INTRODUCTION Skeletal muscle Voluntary muscle Contracts only if the motor nerve supplying it is stimulated What happens in Stimulation – biological, CARDIAC &mechanical, electrical, chemical SMOOTH MUSCLES
• Motion is an essential body function resulting from contracting and relaxing of muscles. – Muscles provide force. – Bones act as levers.• Muscle tissue constitutes 40 to 50% of body weight. motion maintenance of posture heat production
CharacteristicsExcitability: Ability of muscles to receive and respond to stimuli. Stimulus is a change in the internal or external environment. Stimulus must be strong enough to create an action potential - nerve impulse. Response is the bodys reaction to a stimulus.Contractility: Ability to shorten and thicken.Extensibility: Ability to be stretched (extended). Many skeletal muscles are in opposing pairs: extensor/contractor.Elasticity: Ability to return to original shape after contraction or extensionTetanizabilityFatiguabilityRecruitment
Nerve and Blood Supply1. Innervation and vascularization are directly related to contraction.2. An artery and one or two veins accompany each nerve that penetrates a skeletal muscle.3. Capillaries branch through the edomysium. Each muscle fiber is in contact with one or two capillaries.4. Each skeletal muscle fiber makes contact with a nerves synaptic end bulb.
Skeletal Muscle• Controlled by Somatic NS• Skeletal muscle specific terms: – Neuromuscular junction – Motor endplate – skeletal muscle on the receiving end of nm junction – End Plate Potential (EPP) – generator potential of skeletal muscle• ACh release is quantal (miniature end plate potential = 0.4 mV)
Some definitions…• Motor Unit – Composed of an alpha motorneuron and all the myofibers innervated by that neuron• Motor Endplate – The region of the myofiber directly under the terminal axon branches• Neuromuscular junction – Where the axon terminal and the motor endplate meet
TRANSMISSION• An action potential in a motor neuron is propagated to the axon terminal• Triggers the opening of voltage gated Ca2+ channels• Calcium enters into the terminal button• Calcium helps the vesicles [ containing neurotransmitters] to arrange themselves along the border of the terminal membrane• Release of Acetylcholine [ACh] by exocytosis
• FOUR ways in which Acetyl choline can be released: – Constant leak or molecular sieve – Spontaneous quantal release leading to small transient depolarisations of 0.5mV giving rise to miniature end plate potential (MEPP) at a frequency of about 2Hz. • This is too small to cause muscle contraction. The function of mepp is not yet known.
– Additional type of release that is quantal but unrelated to nerve impulse and occurs only when normal ion dependant quantal release is impaired eg botulinum toxin.– Nerve impulse evokes huge quantal release (=300 quanta) of acetyl choline and leads to the depolarisation of the post junctional membrane. • This constitutes full size end plate potential (EPP) and triggers excitation- contraction coupling followed by muscular activity.
• Acetylcholine diffuses across the space separating the nerve and the muscle cells and binds with receptor sites specific for it on the motor end plate of the muscle cell membrane• Binding of ACh to its receptors opens cation channels [ ligand gated channels] – Large movement of Na+ inward Depolarization of the – Less movement of K+ outward membrane• Result is an END PLATE POTENTIAL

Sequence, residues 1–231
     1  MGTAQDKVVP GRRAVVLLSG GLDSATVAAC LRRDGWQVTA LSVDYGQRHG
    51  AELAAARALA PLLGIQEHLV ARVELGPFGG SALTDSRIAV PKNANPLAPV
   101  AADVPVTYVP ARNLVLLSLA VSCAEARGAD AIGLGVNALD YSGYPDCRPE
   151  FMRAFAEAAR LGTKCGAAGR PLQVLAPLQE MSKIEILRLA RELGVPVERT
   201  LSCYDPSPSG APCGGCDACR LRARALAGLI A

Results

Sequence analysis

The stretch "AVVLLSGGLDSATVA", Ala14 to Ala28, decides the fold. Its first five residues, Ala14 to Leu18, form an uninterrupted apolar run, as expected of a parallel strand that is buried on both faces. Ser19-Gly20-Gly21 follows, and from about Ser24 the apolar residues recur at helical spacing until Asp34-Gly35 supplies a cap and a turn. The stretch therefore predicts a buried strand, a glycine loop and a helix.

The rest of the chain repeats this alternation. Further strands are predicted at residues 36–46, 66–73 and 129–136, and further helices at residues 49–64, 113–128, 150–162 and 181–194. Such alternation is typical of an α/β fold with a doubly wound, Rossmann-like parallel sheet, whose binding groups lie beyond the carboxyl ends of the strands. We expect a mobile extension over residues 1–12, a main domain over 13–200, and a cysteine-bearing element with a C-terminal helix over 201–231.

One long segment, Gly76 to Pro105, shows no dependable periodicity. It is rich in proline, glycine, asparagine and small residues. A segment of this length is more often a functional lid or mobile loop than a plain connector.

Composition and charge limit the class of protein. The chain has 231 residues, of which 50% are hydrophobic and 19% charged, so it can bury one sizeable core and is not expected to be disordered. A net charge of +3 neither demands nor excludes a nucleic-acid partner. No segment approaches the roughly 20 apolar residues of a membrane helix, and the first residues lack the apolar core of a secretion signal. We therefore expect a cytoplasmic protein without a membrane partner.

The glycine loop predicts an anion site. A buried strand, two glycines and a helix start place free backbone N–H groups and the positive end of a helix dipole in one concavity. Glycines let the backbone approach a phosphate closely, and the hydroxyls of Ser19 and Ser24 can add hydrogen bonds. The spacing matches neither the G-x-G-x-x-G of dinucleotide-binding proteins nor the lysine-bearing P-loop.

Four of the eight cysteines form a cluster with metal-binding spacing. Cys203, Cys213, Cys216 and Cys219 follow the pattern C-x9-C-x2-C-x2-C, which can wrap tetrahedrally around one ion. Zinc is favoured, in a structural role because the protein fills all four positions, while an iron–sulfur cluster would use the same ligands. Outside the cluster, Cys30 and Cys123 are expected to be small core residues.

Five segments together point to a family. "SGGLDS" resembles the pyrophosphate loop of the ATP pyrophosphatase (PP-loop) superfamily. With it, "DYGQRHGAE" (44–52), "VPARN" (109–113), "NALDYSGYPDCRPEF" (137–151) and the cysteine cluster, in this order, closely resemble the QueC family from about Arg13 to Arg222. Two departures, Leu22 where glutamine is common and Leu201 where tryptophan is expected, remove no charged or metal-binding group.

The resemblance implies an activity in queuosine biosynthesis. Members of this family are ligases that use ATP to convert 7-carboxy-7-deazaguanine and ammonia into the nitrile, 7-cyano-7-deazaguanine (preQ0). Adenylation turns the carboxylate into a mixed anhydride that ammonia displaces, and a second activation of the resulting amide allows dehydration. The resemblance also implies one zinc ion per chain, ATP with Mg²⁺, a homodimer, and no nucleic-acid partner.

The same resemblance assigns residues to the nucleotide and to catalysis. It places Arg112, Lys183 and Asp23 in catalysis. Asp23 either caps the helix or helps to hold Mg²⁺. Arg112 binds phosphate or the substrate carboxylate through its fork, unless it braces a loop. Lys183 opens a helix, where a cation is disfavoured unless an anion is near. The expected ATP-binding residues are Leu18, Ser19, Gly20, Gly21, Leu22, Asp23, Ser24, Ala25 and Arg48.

• Local current flow occurs between depolarized end plate and the adjacent membrane• Voltage gated Na+ channels opened more Na+ entry more depolarization• This initiates an ACTION POTENTIAL which propagates throughout the muscle fiber
Acetylcholine2 ACh BIND Receptors Na+ Initiation of EPP AP
Acetylcholine Few msec After release subsequently destroyed by acetylcholinesterase Enzyme located on the Motor End Plate membraneMuscle cell response terminated EPP terminatedEnd products = Acetyl CoA + Choline recycled
What is EPP? EPSP--A small depolarization of post synaptic membrane• Similar to an Excitatory in response to neurotransmitter binding Post Synaptic Potential Brings the membrane closer To threshold• Ionic basis: A small trigger can now generate Action Potential Large movement of Na+ inward Less movement of K+ outward• Magnitude of EPP much larger – More neurotransmitter released – Larger surface area of motor end plate • High density pf receptors • More binding sites – More ion channels: greater influx of positive ions: larger depolarization• Graded Potential – – magnitude depends on amount and duration of Ach at the end plate
SNARE• SNARE proteins (an acronym derived from "SNAP (Soluble NSF [N-ethylmaleimide sensitive fusion proteins Attachment Protein) REceptors"• The primary role of SNARE proteins is to mediate vesicle fusion, that is, the exocytosis of cellular transport vesicles with the cell membrane at the porosome or with a target compartment (such as a lysosome).
Agrin• is a large proteoglycan – Role is in the development of theneuromuscular junction during embryogenesis. – named based on its involvement in the aggregation of acetylcholine receptors during synaptogenesis. – In humans, this protein is encoded by the AGRIN gene on chromosome 1• It may also have functions in other tissues and during other stages of development.• It is a majorproteoglycan component in the glomerular basement membrane and may play a role in the renal filtration and cell-matrix interactions, indicated in glomerulopathy.